Some vendors and service providers claim they offer cloud-based services that are compliant with PCI DSS. Vendor spin aside, is this possible?
It is possible, but keep in mind that all areas of PCI compliance must thoroughly be examined before making such a bold, absolute and definitive statement.
First and foremost, the term “cloud computing” can carry any number of different meanings, each being significant in their own manner. Be sure you understand the exact nature of the cloud service offered.
With that said, if the typical cloud computing service can be defined as “computing resources are shared in a virtual environment by a pool of intended users”, then there’s much work to be done by these vendors and service providers if they plan on achieving PCI compliance. Specifically, these entities must provide real and credible evidence of compliance with all 12 of the PCI DSS requirements, with added emphasis on ensuring the logical separation and protection of client A data from client B data. Additionally, these entities will also have to provide evidence of the often-overlooked Appendix A section of the PCI DSS, which has explicit requirements for ensuring the separation of data in shared/hosted environments, such as cloud computing.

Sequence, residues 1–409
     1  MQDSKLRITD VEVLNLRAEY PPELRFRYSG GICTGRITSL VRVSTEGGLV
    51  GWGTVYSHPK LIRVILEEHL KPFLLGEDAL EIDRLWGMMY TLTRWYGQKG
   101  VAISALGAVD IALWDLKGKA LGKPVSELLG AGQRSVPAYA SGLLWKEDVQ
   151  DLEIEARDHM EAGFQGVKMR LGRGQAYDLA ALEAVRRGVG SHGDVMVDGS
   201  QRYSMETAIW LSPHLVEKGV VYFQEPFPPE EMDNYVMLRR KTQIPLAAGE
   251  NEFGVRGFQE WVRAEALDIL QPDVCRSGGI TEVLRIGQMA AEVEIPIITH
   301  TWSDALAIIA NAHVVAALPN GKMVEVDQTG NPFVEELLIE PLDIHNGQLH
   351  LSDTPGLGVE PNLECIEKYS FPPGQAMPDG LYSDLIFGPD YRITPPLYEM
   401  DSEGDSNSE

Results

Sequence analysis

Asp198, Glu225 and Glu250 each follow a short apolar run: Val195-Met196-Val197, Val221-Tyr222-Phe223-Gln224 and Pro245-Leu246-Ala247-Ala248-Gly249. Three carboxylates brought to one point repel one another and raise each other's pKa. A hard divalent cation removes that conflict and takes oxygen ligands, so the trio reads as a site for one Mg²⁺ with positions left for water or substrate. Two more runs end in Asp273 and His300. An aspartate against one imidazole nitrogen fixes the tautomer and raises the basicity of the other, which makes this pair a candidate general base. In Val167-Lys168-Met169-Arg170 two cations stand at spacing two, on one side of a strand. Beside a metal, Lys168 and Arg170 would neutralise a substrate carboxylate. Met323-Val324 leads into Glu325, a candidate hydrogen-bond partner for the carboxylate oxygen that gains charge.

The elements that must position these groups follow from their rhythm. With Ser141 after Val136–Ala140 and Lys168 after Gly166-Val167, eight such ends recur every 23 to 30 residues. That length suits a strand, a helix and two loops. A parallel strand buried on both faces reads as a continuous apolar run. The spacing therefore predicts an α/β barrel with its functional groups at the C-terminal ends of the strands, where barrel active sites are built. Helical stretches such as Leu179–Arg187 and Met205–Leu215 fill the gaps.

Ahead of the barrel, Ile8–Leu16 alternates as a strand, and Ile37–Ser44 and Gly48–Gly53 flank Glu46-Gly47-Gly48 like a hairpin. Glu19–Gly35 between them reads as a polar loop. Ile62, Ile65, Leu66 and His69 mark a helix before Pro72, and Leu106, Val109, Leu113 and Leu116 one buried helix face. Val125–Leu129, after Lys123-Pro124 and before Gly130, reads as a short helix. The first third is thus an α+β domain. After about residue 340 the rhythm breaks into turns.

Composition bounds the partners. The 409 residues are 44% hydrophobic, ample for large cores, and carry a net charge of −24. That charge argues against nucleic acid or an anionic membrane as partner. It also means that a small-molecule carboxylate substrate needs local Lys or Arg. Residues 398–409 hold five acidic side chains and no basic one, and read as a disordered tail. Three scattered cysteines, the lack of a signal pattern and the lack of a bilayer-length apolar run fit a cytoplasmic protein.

One of the most difficult aspects of cloud computing PCI compliance is the ability to obtain verifiable and credible audit evidence for what a Qualified Security Assessor (QSA) would be signing off on. Many traditional vendors and service providers do in fact offer cloud-based services, but many times through Amazon's or Microsoft's cloud infrastructure, which, at this point, is difficult to obtain audit evidence for. However, if the actual vendor or service provider is providing these services through their own proprietary built cloud platform, validation becomes less of a challenge.
Even with all that in mind, for every PCI DSS requirement that must be validated, a QSA or other highly competent IT auditor must validate that, (1) the 12 PCI DSS requirements are in place and (2) within the 12 PCI DSS requirements, and where applicable, true logical separation of data from client A to client B exists. This validations must happen regardless of whether an organization utilizes a cloud computing service within the scope of its cardholder data environment. It's not an easy task, but it can be done if the cloud provider and the QSA are willing to work together in an efficient manner. Thus, many of the areas that will need to be examined actually fall under the scope of Appendix A, where the requirements for logical separation and isolation are illustrated.
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